No holiday cheer for coal and nukes

Three studies released in recent days – the North American Electric Reliability Corp.’s “2017 Long-Term Reliability Assessment,” the Energy Information Administration’s “Short-Term Energy Outlook,” and natural gas guru Andy Weissman’s “Natural Gas Market Update,” – provide no holiday cheer for the U.S. nuclear and steam coal industries.

All three reports see continued slow growth or decline in electric demand, greater additions of gas and renewables to the generating mix, and steady or falling natural gas market prices.

The NERC report finds, “Amid slower demand growth, conventional generation continues to retire with rapid additions of natural gas, wind, and solar resources.” According to NERC, “NERC-wide electricity peak demand and energy growth are at the lowest rates on record with declining demand projected in three areas,” and that “conventional generation retirements have outpaced conventional generation additions with continued additions of wind and solar,” while “natural-gas-fired capacity has increased to 442 GW from 280 GW in 2009 with an additional 44.6 GW planned during the next decade.”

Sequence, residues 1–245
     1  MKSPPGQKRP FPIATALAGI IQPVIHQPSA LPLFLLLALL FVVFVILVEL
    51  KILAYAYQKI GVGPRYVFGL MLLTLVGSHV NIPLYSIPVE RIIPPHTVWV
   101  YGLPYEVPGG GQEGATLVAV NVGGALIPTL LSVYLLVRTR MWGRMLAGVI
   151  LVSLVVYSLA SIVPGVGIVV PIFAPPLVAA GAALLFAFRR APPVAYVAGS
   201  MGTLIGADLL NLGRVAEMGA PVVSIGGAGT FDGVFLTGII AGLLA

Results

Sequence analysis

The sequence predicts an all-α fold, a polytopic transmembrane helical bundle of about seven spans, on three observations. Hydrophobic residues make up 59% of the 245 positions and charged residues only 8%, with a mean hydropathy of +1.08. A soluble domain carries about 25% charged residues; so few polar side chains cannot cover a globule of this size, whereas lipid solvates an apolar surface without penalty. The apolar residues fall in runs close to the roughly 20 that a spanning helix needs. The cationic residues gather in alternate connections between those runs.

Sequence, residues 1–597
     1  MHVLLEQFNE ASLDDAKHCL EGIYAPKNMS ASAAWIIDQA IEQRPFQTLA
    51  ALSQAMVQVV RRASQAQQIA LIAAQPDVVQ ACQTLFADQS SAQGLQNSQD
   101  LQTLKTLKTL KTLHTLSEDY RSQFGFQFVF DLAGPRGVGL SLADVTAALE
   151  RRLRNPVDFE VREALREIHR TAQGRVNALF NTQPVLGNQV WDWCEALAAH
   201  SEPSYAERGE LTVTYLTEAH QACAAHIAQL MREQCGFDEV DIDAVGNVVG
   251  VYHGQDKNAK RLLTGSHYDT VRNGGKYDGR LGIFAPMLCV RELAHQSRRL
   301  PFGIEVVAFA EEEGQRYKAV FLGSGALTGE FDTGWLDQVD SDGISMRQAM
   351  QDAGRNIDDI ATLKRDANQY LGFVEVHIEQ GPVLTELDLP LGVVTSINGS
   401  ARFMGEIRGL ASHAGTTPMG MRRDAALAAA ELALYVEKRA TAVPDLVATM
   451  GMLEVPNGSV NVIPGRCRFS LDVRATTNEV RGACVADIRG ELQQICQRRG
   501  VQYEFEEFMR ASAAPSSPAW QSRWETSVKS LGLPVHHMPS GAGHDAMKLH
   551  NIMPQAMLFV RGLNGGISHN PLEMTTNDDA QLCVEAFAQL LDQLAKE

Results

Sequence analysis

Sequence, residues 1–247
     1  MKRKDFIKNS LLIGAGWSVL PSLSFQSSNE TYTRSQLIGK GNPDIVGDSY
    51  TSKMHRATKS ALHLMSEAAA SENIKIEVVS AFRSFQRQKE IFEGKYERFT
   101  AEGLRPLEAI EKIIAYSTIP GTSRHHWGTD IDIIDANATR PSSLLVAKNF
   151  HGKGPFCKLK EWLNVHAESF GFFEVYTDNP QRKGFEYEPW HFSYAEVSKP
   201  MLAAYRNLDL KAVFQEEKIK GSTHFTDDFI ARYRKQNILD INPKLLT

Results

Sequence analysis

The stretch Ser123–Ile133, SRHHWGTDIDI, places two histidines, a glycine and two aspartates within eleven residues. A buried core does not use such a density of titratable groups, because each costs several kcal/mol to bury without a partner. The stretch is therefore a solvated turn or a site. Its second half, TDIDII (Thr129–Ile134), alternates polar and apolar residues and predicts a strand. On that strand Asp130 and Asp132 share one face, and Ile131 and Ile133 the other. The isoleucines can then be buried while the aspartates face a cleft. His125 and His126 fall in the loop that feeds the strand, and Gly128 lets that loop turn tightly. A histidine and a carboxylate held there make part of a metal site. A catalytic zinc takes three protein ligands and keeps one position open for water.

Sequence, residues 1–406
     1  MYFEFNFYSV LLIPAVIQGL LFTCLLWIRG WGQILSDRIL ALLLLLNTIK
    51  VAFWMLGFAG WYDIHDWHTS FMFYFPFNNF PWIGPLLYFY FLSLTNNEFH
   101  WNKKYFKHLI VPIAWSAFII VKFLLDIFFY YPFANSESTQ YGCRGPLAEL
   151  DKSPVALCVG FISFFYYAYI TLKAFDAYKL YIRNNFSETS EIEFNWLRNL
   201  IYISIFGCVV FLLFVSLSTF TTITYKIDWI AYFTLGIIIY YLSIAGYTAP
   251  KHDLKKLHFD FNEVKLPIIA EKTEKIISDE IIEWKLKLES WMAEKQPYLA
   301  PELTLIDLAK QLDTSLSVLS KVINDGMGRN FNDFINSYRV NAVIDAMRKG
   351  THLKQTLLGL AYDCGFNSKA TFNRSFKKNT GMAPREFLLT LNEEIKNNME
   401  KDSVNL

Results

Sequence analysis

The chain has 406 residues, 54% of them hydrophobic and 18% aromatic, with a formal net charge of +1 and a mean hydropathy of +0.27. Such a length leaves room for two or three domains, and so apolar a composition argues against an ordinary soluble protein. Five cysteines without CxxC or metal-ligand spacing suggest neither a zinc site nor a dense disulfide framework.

According to EIA, an Energy Department agency, “The forecast 2018 generation shares for natural gas and coal remain relatively unchanged from 2017, averaging 32% and 31%, respectively. Generation from renewable energy sources other than hydropower grows from about 8% in 2016 to a forecast share of nearly 10% in 2018. Nuclear power’s forecast share of total electricity generation averages about 20% in both 2017 and 2018, similar to its 2016 level.” Electricity demand remains flat.

EIA forecasts “that natural gas production in 2018 will be 6.1 Bcf/d higher than the 2017 level,” with a small spot price rise in 2018 “from an annual average of $3.01/MMBtu in 2017 to $3.12/MMBtu in 2018.” The price increase, says EIA, will be driven by growth in gas exports and an increase in domestic consumption.

Unlike EIA, Weissman is bearish about natural gas prices, noting, “Natural gas production has roared ahead over the past year – increasing 6.0 Bcf/d year-over-year according to recent pipeline flow models. Stunning growth has been observed nearly across the board, spanning most producing regions of the Lower 48.” He says, “As production increases continue to sharply outpace core demand gains, the market will become increasingly oversupplied – heightening the risk of another natural gas price collapse ahead.”

Weissman’s bottom line: “Ultimately, as the market becomes increasingly aware of the likely natural gas oversupply ahead, natural gas prices could fall below $2.50/MMBtu this spring. Rampant production growth for the second straight year remains the key driver, and potential forecast warming only heightens the extent of downside risk. Other factors – including potential seasonal shut-ins of LNG during the spring and fall – could lead to an even steeper decline in prices.”

— Kennedy Maize